Commented Nov 8, 2021 at 21:24

Question
Let $$\mathbf{C}$$ be a $$n\times n$$ covariance matrix such that all diagonal elements are equal to 1, and the non-diagonal ones to $$\rho$$ with $$-1\leq\rho\leq1$$. Which range of values is admissible for $$\rho$$?

Solution 1
Let $$X_1,\dots,X_n$$ be a sequence of independent random variables with unit variance and pairwise correlation $$\rho$$ for any $$i\not= j$$. Let $$Y:=\sum_iX_i$$ then: \begin{align} \notag V\left(Y\right) &=\sum_{i=1}^nV\left(X_i\right)+\sum_{i\not=j}Cov(X_i,X_j) \\ &=n+n(n-1)\rho \end{align} The variance of $$Y$$ is positive, therefore: \begin{align} n+n(n-1)\rho\geq0 \quad\Leftrightarrow\quad \boxed{\rho\geq\frac{1}{1-n}} \end{align}

Solution 2
The covariance matrix $$C$$ cen be written as

$$C=(1-\rho)\mathbf{I}+\mathbf{u}\mathbf{u}^T$$ where $$\mathbf{I}$$ is the identity matrix and $$\mathbf{u}$$ is a vector composed of $$\sqrt{\rho}$$. A covariance matrix must be positive semidefinite , hence its smallest eigenvalue $$\lambda_0$$, must be $$\lambda_0\geq 0$$.

The eigenvalues are found from the roots of the determinant equation:

$$\mathrm{det}(\Sigma-\lambda\mathbf{I})=\mathrm{det}((1-\rho-\lambda)\mathbf{I}+\mathbf{u}\mathbf{u}^T)=0$$

By the matrix determinant lemma, the determinant is found as

\begin{align} \mathrm{det}(\Sigma-\lambda\mathbf{I})&=\left(\mathbf{u}^T\left((1-\rho-\lambda)\mathbf{I}\right)^{-1}\mathbf{u}\right)\mathbf{det}\left((1-\rho-\lambda)\mathbf{I}\right)\\ &=\left(1-\lambda+(n-1)\rho\right)\left(1-\rho-\lambda\right)^{n-1} \end{align}

The first eigenvalue is $$\lambda_1=1-\rho$$, with multiplicity $$n-1$$. The second eigenvalue is $$\lambda_2=1+(n-1)\rho$$. The smallest admissible eigenvalue, zero, is reached at either $$\rho=1$$ or $$\rho=-\frac{1}{n-1}$$. Hence,

$$\boxed{-\frac{1}{n-1}\leq\rho\leq1}$$

• How do we know this inequality is best possible ? Thx
– dm63
Commented Oct 30, 2022 at 11:46
• Thinking about my own question: you can generate an inequality like this using any linear combination of the $X_i$. Indeed it does seem that the ‘best’ inequality occurs when all the coefficients are 1.
– dm63
Commented Oct 30, 2022 at 13:47
• @dm63 I don't have a clear proof for the general case so I have restricted the problem to the case where the associated variance matrix is the unit matrix. Commented Nov 1, 2022 at 21:57

Background
Consider the affine Linear Gauss Markov (LGM) model for Interest Rates, characterized by a single-factor state variable $$x_t$$ with normal dynamics... \begin{align} \text{d}x_t&=\sigma(t)\text{d}W_t \end{align} ... specified in a measure under which the price process $$N_t$$: \begin{align} N_t&:=\frac{1}{P(0,t)}e^{H(t)x_t+a(t)}, \end{align} is a valid numéraire, where $$P$$ is the price of a zero-coupon bond, while $$H(t)$$ and $$a(t)$$ are two deterministic functions. Note this model is also known as the Hagan and Woodward parameterization of Hull-White, see this answer.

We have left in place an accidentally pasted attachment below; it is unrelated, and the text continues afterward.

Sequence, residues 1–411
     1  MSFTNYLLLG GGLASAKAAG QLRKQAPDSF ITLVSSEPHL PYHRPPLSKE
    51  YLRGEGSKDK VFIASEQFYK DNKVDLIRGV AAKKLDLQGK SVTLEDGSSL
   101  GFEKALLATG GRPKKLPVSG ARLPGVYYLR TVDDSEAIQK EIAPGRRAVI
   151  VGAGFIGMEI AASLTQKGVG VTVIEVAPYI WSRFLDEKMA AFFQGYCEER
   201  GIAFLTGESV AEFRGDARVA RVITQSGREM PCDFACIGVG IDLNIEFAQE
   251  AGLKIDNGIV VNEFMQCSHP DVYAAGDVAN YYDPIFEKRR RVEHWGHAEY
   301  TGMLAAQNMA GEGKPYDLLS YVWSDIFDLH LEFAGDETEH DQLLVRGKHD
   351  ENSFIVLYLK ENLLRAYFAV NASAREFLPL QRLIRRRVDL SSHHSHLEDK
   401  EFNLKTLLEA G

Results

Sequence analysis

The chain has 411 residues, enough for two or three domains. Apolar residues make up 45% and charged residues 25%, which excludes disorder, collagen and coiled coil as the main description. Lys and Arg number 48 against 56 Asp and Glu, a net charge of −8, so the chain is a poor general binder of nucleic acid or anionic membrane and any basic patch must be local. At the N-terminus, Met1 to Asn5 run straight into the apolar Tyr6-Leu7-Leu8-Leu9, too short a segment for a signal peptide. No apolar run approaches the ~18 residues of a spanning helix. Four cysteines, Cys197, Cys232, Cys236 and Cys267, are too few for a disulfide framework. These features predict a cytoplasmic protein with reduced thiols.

Question
Determine the structure of the function $$a(t)$$ to ensure the LGM model is arbitrage-free.

We know a model is arbitrage-free if and only if there exists an equivalent martingale measure (EMM), namely a probability measure such that the price of a traded asset is equal to the conditional expectation of its discounted cash flows. The basic asset in any rate model is the zero-coupon bond, which pays $$\\\1$$ at expiry. Hence our LGM model must satisfy: $$P(0,t)=E\left(\frac{1}{N_t}\right)$$ Per the definition of $$N_t$$, the equivalent condition is: $$E\left(e^{-H(t)x_t-a(t)}\right)=1\tag{1}$$ The state variable $$x_t$$ is normally distributed, with zero mean and total variance up to $$t$$ equal to: $$\Sigma(t):=\int_0^t\sigma^2(u)\text{d}u$$ Expectation $$(1)$$ can be explicitly calculated, for example by invoking the Laplace transform of a normal variable, and we get: $$\boxed{a(t) = \frac{1}{2}H^2(t)\Sigma(t)}$$ Interestingly, we note that compared to the Hull-White parameterisation, where the calibrated parameter needs to be updated whenever the curve changes to remain arbitrage-free (e.g. see the specification of the function $$\theta(t)$$ in this answer), the LGM model is arbitrage-free by design provided we set the function $$a(t)$$ to be equal to the expression above.